IRR Performs Better than NPV: A Critical Analysis of Cases of Multiple IRR and Mutually Exclusive and Independent Investments
Revised and updated version as of 23 Aug, 2017
31 Pages Posted: 10 Feb 2017 Last revised: 14 Sep 2017
This paper presents evidence to identify the appropriate investment criterion (IRR vs NPV) with emphasis on the controversial reinvestment assumption, multiple, negative, zero and no IRR, mutually exclusive investment and independent projects. The analysis is based on the estimated return of capital (ROC), return on invested capital (ROIC), capital amortization schedule (CAS) and the modified CAS (MCAS). The salient findings are:
a. There is no reinvestment of intermediate income in normal net cash flow (NCF) investments. Incidences of reinvestment is evident in some of the non-normal NCF (NNCF) investments where the opening balance (OB) in the CAS is positive. The generalized assertion of reinvestment at IRR or at hurdle rate with IRR and NPV, respectively, is not valid except in the case of some NNCF.
b. The problem of multiple IRR is caused by reinvestment of intermediate income in some non-normal NCF (NNCF) investments. MCAS method eliminates the reinvestment income from the NNCF data and resolves the problem of multiple IRR and leads to unique IRR.
c. There is no IRR when there is no investment in zero year or investment year or there is no negative cash flow and no sign change. Negative IRR is common when the sum of NNCF is negative that and reveals capital loss (ROC not fully recovered). When the sum of NNCF is zero, the IRR will be zero. Zero IRR indicates that the NNCF is sufficient to recover the capital cost (ROC) and ROIC not recovered.
d. In the case of mutually exclusive projects, selecting projects based on NPV at hurdle rate is misleading. A project selected based on higher NPV at hurdle rate ends-up with negative NPV when discounted by the higher IRR achieved by the counterpart project (with lower NPV). In the case of counterpart project, the NPV is not negative but zero at that higher IRR as the discount rate. This weakness of NPV is not exposed as NPV is a static point estimate (at hurdle rate). The NPV is not an appropriate criterion.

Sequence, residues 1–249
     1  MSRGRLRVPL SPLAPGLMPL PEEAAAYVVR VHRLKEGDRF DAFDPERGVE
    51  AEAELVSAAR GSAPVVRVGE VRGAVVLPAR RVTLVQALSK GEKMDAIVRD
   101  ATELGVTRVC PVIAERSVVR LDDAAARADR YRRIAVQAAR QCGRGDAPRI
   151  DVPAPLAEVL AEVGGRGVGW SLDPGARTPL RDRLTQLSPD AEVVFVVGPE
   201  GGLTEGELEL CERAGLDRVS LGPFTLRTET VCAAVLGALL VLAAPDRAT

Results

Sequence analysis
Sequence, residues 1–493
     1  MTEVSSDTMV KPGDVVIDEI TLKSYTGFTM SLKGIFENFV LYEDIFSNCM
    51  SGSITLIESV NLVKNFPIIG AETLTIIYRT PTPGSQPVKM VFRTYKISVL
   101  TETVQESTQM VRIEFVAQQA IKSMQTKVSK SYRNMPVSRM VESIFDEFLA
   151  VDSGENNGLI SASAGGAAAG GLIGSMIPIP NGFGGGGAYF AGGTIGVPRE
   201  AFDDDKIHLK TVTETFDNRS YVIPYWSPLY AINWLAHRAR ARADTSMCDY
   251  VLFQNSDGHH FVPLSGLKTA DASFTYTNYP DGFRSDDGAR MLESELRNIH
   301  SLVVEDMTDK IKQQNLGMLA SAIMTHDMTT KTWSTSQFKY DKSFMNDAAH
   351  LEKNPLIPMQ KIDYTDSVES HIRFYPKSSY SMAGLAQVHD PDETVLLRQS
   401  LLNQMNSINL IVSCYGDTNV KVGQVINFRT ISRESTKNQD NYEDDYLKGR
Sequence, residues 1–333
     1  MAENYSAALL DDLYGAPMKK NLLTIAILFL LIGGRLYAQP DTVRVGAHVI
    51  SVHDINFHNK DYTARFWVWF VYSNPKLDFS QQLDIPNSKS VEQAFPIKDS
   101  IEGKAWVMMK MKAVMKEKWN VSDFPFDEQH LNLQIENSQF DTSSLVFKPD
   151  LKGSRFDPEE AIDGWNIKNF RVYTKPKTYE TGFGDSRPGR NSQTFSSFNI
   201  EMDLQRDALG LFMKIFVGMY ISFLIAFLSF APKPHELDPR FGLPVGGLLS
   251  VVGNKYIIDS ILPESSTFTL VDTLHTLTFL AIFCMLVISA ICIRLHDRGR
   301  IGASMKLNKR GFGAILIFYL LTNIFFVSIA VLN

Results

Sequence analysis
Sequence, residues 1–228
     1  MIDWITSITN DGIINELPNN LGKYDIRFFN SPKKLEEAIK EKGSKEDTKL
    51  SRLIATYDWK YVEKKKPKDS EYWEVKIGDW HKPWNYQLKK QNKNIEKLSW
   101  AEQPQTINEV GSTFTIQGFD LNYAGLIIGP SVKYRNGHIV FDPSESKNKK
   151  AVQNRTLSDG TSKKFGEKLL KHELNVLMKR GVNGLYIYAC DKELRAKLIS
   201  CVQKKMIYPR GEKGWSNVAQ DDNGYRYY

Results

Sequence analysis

e. Among a range of discount rates tried, IRR is the only rate that indicates the full utilization of the NCF (makes the NPV zero) and the maximum feasible ROIC (=IRR). IRR therefore performs better than the NPV to select or rank independent or mutually exclusive projects. NPV is the unutilized NCF and a static point estimate. NPV therefore provides incomplete information at hurdle rate. It fails to indicate the full ROIC that the Net cash flow (NCF) could support. NPV at hurdle rate can at best indicate whether the NCF is fully utilized (NPV = 0) or not fully utilized (positive NPV) or not adequate to cover the cost of capital (negative NPV), respectively. IRR, in contrast, explicitly indicates that the NCF is fully utilized (NPV and the closing balance (CB) in CAS are ‘0’) and the ROIC plus ROC are fully recovered.
f. The modified IRR (MIRR) is not a solution to the problem of multiple IRR. MIRR assumes and includes reinvestment income without any evidence of reinvestment and therefore MIRR is a spurious estimate. The problem of reinvestment and the resultant multiple IRR is resolved by eliminating the reinvestment income under MCAS method and therefore IRR is unique.
These results consistently support the conclusion that IRR is the best criterion to accept or reject or rank mutually exclusive projects as well as independent projects. NPV will still be useful in other areas to estimate the present value. Authors of finance and economic textbooks and other publications may wish to review and consider appropriately update the sections on CBA or capital investment or capital budgeting.
Keywords: Capital Investment Decision, IRR performs better than NPV, Multiple IRR and Mutually Exclusive Projects
JEL Classification: D, D61, G3, G31, O2, O22, O12
Suggested Citation: Suggested Citation